I wasn’t traveling.

I wasn’t calling my grandparents.

And I certainly wasn’t writing.

Because I was YOLOing, you guys! And YOLO was everywhere — neon pink t-shirts, hashtags, bumper stickers, song lyrics, graffiti — American youth culture had claimed it as our big excuse, our crutch to lean on so we could all stoop a little lower. And it still is. It’s the question at the end of every confession: So you blacked out and stole a bottle of liquor from a bar, made out with your friend’s boyfriend and woke up with your cab driver? YOLO though, right?

Yes, YOLO is right. We do only live once — so maybe we should halt our shitty behavior and start sewing coats for Detroit’s homeless population like this girl.

What’s interesting is that if we took YOLO away from American party culture and gave it to people who really deserved it — like the woman whose one wish for her 105th birthday was to ride on a Harley, or this 13-year-old girl from India who became the youngest person to climb Mount Everest — YOLO would really be a beautiful phrase.

Because it’s true, we only get one shot at a meaningful life. So maybe it’s time we hung up the ol’ vacuum hose and traded those couple grams of molly for a plane ticket and a notebook, or a shift at the soup kitchen and a job at the assisted senior living center. I think we’ve all become a little too accustomed to sucking down jello shots, dressing up in an ugly sweater, and hula hooping to Girl Talk like it is the single, driving force behind our life’s work.

It isn’t. We’re living in a world where girls look up to Hannah Horvath and don’t know who Malala Yousafzai is, where all it takes to be “edgy” is two sleeves of tattoos and a social smoking addiction. And that ain’t something to be proud of.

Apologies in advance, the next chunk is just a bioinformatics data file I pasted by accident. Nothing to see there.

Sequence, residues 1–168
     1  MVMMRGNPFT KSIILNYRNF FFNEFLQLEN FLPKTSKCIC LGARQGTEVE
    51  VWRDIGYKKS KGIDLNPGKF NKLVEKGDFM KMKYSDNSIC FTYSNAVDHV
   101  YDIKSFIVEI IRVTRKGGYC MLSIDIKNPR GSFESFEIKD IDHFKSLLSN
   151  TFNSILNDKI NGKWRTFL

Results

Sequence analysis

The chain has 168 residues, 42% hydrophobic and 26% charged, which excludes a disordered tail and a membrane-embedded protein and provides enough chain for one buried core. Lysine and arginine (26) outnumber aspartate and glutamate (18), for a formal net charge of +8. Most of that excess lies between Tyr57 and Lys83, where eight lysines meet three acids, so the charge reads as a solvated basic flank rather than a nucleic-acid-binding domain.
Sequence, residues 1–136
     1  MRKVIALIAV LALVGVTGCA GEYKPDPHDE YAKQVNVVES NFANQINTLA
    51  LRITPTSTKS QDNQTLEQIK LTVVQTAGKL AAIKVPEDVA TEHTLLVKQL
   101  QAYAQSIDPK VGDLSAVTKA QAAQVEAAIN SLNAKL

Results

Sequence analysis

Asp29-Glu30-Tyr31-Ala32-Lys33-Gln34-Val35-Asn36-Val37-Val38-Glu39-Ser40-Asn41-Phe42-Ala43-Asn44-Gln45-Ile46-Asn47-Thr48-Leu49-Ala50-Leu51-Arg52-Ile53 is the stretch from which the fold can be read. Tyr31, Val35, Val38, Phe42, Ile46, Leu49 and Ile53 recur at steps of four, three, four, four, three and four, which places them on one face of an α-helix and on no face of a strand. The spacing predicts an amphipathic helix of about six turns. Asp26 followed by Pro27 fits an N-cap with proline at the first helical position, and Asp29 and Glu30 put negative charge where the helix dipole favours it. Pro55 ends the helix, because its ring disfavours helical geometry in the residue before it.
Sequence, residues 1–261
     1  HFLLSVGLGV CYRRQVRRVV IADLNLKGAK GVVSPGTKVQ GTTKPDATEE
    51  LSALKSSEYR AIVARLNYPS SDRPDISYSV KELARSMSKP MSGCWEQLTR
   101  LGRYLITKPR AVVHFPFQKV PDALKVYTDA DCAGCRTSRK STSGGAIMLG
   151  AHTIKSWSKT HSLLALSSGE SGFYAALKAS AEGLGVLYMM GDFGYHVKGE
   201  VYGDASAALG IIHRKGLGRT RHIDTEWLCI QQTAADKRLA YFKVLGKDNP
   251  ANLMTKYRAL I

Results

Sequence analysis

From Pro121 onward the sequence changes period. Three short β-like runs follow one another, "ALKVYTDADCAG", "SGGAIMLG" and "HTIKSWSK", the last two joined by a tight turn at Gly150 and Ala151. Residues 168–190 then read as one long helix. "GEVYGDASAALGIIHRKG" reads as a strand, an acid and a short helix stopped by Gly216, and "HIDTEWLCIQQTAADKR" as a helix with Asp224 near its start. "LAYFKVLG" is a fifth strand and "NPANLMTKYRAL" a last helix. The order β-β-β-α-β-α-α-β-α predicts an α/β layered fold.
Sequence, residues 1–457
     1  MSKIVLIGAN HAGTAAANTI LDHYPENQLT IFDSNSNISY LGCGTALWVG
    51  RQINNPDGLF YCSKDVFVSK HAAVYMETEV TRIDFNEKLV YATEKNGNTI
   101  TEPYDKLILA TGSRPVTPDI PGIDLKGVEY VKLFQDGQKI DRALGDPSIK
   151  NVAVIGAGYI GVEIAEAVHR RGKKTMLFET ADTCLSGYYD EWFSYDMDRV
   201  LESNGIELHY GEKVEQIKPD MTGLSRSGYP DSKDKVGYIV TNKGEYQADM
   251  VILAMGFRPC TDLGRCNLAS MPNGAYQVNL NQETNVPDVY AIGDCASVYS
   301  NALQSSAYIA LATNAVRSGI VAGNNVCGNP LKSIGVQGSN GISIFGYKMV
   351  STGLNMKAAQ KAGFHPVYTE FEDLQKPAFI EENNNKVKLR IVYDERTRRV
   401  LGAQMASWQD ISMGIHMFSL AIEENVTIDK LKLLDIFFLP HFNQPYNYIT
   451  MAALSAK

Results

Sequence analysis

So I have some words for my millennial generation. The next time you’re rolling up a 10-dollar bill because you believe that it’s somehow less dirty than a single, the next time you travel to a different country just to get wasted in a hostel, the next time you tattoo yet another song lyric on that dainty little foot of yours, remember this: You aren’t cool.

But you could be. Vandana Shiva, the Dalai Lama, Zach de la Rocha, Beyoncé — they’re cool. Speaking up when you come across something that just isn’t right, creating a solution for a problem in your community, finding your passion and actually doing it instead of just yammering on about it — that’s the stuff of a truly meaningful, one life.

Let’s all band together and make a 2015 New Year’s resolution. Let’s agree to hold off on yelling YOLO again until we’ve finished our first novel, finally made it to India, and/or gotten marriage equality passed in our home state. Let’s take it to the next level. Let’s make some changes and fight in some significant battles. Let’s follow in the footsteps of the supreme youth cultures that came before us. We can redefine our generation as a culture to be reckoned with, instead of the easily-distracted, high on MDMA and hooked on Twitter one, that didn’t even show up to vote this year.

This one life we have is a gift, let’s stop treating it like an excuse to black out.